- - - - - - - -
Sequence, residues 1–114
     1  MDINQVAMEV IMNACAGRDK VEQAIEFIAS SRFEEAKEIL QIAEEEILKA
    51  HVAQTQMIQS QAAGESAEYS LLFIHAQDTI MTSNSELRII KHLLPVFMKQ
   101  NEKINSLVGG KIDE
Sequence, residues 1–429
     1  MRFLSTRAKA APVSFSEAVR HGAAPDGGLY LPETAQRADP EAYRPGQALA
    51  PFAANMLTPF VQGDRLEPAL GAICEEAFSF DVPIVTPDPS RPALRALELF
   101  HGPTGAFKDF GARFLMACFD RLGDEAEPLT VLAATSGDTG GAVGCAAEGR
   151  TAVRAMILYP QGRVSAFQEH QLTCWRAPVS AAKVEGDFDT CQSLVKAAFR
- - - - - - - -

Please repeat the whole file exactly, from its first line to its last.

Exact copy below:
Sequence, residues 1–114
     1  MDINQVAMEV IMNACAGRDK VEQAIEFIAS SRFEEAKEIL QIAEEEILKA
    51  HVAQTQMIQS QAAGESAEYS LLFIHAQDTI MTSNSELRII KHLLPVFMKQ
   101  NEKINSLVGG KIDE
Sequence, residues 1–429
     1  MRFLSTRAKA APVSFSEAVR HGAAPDGGLY LPETAQRADP EAYRPGQALA
    51  PFAANMLTPF VQGDRLEPAL GAICEEAFSF DVPIVTPDPS RPALRALELF
   101  HGPTGAFKDF GARFLMACFD RLGDEAEPLT VLAATSGDTG GAVGCAAEGR
   151  TAVRAMILYP QGRVSAFQEH QLTCWRAPVS AAKVEGDFDT CQSLVKAAFR